In physics, matter and anti-matter are equivalent opposites, so while atoms in our universe have negative electrons, an anti-matter universe would have positive electrons but everything in that world would seem the same to its inhabitants because the laws of physics would be exactly the same. Why then do we only see matter all around us? Did the big bang produce:
1) No anti-matter, for some unknown reason?
2) Matter and anti-matter equally but the anti-matter in the universe is hidden?
3) Matter and anti-matter equally but matter somehow “overcame” the anti-matter?
Physics dismisses the first option by its equations and the second because no anti-meteors, anti-planets or anti-stars have ever been seen. The current view is that the big bang made equal amounts of matter and anti-matter, but then matter somehow overcame the anti-matter to give our universe. That no evidence supports this belief is called a “mystery” of physics:
“The lack of anti-matter is a deep mystery that cannot be explained using the Standard Model.” (Oerter,2006) p101
A clockwise rotation in a space is anti-clockwise from the other side (Figure 4.7a) but a first-up rotation on a surface will stay that way however it is viewed (Figure 4.7b). If our universe began with one photon, then it had to choose whether to first vibrate up or down with respect to the surface of space. As it had to choose, let us say that it chose first–up processing and all its offspring followed suit.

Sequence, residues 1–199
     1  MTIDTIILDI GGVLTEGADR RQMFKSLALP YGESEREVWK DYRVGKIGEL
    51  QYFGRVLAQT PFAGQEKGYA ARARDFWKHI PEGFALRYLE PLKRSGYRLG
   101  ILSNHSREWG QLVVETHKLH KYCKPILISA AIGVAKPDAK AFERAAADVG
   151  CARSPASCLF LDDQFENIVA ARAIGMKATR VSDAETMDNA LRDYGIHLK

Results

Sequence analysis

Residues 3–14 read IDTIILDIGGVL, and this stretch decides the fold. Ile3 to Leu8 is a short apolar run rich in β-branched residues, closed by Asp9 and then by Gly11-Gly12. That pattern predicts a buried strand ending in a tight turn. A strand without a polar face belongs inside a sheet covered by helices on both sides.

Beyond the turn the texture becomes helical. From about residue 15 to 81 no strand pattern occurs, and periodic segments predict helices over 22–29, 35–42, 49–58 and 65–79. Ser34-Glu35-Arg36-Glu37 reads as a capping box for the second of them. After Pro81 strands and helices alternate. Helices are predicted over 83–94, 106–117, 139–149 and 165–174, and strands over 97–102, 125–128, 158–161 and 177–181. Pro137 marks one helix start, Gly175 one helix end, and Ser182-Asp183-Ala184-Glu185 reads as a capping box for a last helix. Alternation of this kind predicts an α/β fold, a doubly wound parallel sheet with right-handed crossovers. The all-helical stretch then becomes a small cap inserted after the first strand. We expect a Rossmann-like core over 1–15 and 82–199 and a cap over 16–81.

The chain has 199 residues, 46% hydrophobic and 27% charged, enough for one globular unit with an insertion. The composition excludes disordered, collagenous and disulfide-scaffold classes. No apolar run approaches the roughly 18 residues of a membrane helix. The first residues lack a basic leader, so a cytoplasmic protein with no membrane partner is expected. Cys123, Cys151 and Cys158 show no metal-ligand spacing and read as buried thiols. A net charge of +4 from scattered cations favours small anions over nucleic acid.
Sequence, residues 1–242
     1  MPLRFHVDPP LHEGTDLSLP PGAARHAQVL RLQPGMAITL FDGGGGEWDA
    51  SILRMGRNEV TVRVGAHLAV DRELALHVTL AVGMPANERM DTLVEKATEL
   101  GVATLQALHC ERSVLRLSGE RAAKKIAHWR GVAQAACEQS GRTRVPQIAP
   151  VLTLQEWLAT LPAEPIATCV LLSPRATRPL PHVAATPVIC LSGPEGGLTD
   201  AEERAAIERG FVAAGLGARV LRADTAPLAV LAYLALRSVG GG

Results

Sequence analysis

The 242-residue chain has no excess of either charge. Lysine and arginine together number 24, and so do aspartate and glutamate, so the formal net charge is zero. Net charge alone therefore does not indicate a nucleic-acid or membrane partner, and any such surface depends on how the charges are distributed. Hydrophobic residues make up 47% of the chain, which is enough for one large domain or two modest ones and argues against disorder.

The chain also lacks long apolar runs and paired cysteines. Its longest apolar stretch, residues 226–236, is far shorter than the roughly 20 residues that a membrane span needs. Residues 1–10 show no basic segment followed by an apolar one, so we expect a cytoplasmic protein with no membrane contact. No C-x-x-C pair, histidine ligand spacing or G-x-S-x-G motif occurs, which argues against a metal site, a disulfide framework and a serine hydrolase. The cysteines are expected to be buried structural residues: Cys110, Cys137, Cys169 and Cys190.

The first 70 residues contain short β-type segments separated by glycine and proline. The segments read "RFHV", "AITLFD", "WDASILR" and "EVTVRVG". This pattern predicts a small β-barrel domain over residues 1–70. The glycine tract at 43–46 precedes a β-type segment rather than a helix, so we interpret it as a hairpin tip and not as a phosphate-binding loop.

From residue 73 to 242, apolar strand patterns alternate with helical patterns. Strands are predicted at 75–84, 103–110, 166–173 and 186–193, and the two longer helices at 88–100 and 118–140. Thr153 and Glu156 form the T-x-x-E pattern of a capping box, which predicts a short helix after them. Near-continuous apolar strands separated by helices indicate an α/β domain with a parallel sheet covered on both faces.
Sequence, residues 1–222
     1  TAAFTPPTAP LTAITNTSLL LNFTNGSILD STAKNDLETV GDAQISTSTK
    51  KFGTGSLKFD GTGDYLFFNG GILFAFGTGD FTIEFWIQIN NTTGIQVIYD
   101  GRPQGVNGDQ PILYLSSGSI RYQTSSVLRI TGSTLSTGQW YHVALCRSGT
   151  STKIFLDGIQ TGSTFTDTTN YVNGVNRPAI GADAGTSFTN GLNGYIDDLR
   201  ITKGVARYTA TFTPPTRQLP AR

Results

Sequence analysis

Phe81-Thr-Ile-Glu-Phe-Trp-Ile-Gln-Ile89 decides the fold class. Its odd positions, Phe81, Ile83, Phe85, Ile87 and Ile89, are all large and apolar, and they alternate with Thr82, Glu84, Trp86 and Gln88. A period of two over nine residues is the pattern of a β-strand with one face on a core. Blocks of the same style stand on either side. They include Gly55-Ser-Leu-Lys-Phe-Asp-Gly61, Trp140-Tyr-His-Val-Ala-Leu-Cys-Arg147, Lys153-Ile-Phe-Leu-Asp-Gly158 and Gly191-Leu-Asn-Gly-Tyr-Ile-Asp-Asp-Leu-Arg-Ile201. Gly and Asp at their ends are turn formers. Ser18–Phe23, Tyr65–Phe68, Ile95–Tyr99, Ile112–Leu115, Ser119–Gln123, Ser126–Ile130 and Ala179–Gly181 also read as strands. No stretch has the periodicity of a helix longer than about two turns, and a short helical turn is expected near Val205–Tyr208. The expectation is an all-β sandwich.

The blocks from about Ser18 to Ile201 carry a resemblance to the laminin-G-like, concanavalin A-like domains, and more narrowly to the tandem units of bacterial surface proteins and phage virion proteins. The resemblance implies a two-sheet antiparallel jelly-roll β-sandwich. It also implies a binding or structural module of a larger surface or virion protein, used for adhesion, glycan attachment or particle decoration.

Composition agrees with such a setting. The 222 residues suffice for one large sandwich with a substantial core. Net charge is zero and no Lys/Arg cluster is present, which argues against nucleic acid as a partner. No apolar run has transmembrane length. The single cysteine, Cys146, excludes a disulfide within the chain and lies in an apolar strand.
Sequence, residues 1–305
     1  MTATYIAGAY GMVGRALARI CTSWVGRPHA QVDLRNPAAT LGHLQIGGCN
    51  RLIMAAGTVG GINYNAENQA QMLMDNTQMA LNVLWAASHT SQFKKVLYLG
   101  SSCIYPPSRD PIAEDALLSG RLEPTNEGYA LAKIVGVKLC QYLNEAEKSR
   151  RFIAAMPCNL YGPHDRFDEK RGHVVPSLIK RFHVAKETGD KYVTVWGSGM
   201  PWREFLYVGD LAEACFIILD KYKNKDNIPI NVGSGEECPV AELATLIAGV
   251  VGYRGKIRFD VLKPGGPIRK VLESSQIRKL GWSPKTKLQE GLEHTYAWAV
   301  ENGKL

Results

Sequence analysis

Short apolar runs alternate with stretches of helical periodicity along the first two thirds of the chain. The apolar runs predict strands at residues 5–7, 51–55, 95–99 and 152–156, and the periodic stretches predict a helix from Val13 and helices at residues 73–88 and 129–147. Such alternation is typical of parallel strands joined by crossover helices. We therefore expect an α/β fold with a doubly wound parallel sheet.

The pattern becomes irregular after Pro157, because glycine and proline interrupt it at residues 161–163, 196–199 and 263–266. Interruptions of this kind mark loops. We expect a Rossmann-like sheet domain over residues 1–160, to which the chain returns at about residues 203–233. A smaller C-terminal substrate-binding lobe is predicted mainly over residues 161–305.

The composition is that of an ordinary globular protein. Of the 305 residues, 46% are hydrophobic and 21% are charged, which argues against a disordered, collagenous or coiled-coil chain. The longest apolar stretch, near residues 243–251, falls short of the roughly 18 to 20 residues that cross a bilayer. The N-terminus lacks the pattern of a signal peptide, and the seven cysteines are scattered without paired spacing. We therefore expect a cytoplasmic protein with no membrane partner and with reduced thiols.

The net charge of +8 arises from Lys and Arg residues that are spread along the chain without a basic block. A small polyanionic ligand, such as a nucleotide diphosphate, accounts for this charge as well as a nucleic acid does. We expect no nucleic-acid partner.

It follows that when the first photon chose processing over anti-processing, our universe became matter not anti-matter. If the first light evolved into matter only, not matter and anti-matter equally as the standard model assumes, then the anti-matter the standard model is trying to explain away never was. The first photon chose to oscillate one way and from then on anti-matter was a path not taken. Physical realism can’t explain why our universe is matter not anti-matter because that choice occurred before the physical universe began.